2 Big Tips for Writing an Irresistible Personal Statement

Admissions officers read hundreds of applications trying to discern which students will achieve the most during their college experience. The personal statement is a main factor in the admission decision, especially when so many students look exactly the same on paper. Grades, test scores, volunteer experience, internships, these variables don't provide a lot of variation. The personal essay is an opportunity for students to present who they are and impress upon the admissions committee why they should be accepted to a particular institution. 

Trying to write about yourself can be difficult. Knowing what details and facts about your life to include and what to leave out, how much time to spend talking about one thing or several, there's a lot to consider when writing your personal statement.

In this post, I'll show you exactly how to approach your personal statement so that you paint a vivid and compelling portrait of your goals and accomplishments for the admissions readers.

My goal is to help you write your admission essay with confidence and style.

Use these tips to make your writing vivid, compelling, and personal. Show the admissions readers who you are, and what you've done. Don't just list your accomplishments or try and explain why they want you at their school.

Your Personal Essay is Your Story

So write it like one!

 

1. Start with an image

Great application essays tend to have one thing in common. They're cinematic. That means they have a heavy visual component.

Notice what's different between these two application openings:

"My parents always told me to do my best"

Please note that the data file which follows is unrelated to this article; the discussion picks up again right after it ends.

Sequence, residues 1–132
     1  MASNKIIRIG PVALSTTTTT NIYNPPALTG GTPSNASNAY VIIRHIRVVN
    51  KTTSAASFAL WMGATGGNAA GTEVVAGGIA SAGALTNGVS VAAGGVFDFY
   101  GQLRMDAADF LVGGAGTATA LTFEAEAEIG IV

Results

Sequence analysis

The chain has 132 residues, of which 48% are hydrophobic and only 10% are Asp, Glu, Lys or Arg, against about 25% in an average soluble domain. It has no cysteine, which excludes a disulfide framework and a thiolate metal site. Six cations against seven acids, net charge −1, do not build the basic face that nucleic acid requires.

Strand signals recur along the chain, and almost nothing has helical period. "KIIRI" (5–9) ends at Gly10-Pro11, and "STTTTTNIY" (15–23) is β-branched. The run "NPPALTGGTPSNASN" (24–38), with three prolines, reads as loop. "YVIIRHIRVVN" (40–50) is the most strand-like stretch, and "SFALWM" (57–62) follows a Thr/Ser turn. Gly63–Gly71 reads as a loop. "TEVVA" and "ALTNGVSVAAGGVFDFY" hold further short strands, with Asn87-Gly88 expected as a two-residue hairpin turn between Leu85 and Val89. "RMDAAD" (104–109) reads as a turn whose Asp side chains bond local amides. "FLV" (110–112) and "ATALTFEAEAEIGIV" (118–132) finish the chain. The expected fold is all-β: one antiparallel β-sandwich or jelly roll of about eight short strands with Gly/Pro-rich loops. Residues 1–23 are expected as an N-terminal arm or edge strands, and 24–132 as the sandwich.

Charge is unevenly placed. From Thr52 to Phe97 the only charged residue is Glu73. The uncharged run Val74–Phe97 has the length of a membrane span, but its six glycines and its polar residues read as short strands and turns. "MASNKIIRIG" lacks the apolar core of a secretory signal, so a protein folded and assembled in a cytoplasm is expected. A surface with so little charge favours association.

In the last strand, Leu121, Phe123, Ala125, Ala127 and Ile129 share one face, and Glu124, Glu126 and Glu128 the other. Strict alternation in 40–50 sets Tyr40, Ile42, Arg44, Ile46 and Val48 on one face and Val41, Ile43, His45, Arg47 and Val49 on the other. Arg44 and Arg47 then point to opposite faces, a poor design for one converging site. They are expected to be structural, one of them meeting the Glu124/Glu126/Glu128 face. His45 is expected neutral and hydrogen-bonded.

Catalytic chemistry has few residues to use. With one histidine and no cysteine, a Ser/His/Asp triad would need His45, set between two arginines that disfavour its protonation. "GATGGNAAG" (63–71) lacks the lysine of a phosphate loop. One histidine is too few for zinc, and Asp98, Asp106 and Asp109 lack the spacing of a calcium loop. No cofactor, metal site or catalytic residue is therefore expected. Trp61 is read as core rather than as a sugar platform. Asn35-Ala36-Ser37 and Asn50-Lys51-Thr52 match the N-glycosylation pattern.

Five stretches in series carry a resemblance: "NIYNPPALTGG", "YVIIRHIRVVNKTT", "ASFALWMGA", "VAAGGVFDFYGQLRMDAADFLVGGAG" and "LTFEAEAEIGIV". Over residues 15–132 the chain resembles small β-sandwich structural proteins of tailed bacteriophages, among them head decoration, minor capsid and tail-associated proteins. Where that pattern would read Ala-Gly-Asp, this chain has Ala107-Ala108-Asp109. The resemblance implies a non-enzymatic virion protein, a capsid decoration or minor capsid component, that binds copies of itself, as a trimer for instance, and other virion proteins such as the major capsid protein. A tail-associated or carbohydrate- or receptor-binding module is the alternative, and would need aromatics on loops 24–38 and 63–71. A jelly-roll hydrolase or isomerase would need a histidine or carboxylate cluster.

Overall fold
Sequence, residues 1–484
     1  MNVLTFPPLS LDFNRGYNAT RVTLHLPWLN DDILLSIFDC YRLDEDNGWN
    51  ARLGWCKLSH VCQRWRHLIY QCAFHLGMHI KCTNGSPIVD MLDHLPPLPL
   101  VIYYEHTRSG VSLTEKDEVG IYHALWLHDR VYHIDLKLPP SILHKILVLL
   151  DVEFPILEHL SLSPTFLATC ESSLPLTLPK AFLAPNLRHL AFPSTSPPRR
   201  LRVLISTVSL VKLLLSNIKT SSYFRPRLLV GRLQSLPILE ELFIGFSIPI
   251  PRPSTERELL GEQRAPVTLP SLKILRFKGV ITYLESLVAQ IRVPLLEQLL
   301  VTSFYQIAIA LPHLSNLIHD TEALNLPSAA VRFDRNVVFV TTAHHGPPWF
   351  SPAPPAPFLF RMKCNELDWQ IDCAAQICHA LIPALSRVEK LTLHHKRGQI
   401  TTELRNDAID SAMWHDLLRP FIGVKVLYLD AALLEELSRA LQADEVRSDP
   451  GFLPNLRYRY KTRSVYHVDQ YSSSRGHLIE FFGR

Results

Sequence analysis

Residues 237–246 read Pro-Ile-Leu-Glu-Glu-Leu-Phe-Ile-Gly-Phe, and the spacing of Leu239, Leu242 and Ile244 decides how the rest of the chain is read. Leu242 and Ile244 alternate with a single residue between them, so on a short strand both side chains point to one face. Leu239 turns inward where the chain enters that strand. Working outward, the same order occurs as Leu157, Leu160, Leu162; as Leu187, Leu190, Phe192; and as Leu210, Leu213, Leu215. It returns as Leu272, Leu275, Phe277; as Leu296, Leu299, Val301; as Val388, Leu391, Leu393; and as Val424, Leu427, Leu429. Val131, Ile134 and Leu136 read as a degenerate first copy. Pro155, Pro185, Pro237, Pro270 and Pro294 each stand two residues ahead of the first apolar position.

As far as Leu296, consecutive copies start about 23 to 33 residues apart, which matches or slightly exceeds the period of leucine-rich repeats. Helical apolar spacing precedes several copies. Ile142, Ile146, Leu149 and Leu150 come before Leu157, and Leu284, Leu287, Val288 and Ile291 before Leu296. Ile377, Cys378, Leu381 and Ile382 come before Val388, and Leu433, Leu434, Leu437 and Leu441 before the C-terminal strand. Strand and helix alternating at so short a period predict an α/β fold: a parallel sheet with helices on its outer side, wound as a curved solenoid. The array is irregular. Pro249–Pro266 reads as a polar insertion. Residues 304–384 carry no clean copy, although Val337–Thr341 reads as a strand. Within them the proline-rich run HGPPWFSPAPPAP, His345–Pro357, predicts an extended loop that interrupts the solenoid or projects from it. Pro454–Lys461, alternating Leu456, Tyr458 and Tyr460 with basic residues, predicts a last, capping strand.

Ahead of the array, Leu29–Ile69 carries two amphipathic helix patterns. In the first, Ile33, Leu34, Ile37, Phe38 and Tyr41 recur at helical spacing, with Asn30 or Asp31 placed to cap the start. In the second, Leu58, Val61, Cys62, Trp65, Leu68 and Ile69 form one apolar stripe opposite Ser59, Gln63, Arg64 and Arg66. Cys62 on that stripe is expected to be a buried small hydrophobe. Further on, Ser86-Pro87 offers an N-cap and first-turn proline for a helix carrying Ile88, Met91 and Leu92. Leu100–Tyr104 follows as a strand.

and

"The bicycle wheel was still turning, though half of the bike was under a bush. My dadpulled the bike from the bush, wiped dirt from my knee, and set me back on the seat. 'You've got to get back on the horse,' he said. Though I had no idea what he meant then, this has become my guiding phrase in life.

The first example is telling. It's uninspired, and it's not that interesting. And, most importantly, it doesn't really say anything about the student.

That second example, however, shows. It's personal -- a story that is unique to the student, and one that taught her an important lesson.

Brainstorm a few significant moments in your life. Write next to each vivid memory a few of the lessons you learned.

Some examples:

fishing with grandpa | to rise early, patience, the thrill of the catch, attention to detail

My brother's birth | fear, love, sharing, wonder, maturity, community

Moving to the U.S. | perseverance, family, finding new friends, fitting in

Brainstorm 5 memories and at least 3 values you learned from each.

Choose the moment in your life that seems the most compelling to you, the one that shows off the best values you learned.

Now, select one value to become the guiding beacon of your essay, your CORE value.

2. Include an epiphany

An epiphany is your "aha" moment. That moment when you realized something significant, something that changed the way you think or act.

Attaching an epiphany to your vivid memory will tell the admissions officers what they really need to know about you: that you learn from experience, and that you know how to skillfully articulate what you've learned.

Think about it. The personal essay is an opportunity for the college to see what kind of student you will be. They're hoping to rope in a freshman (or transfer) student that will thrive in their academic environment. Demonstrating how you learned an important quality is much more effective than simply stating your qualifications.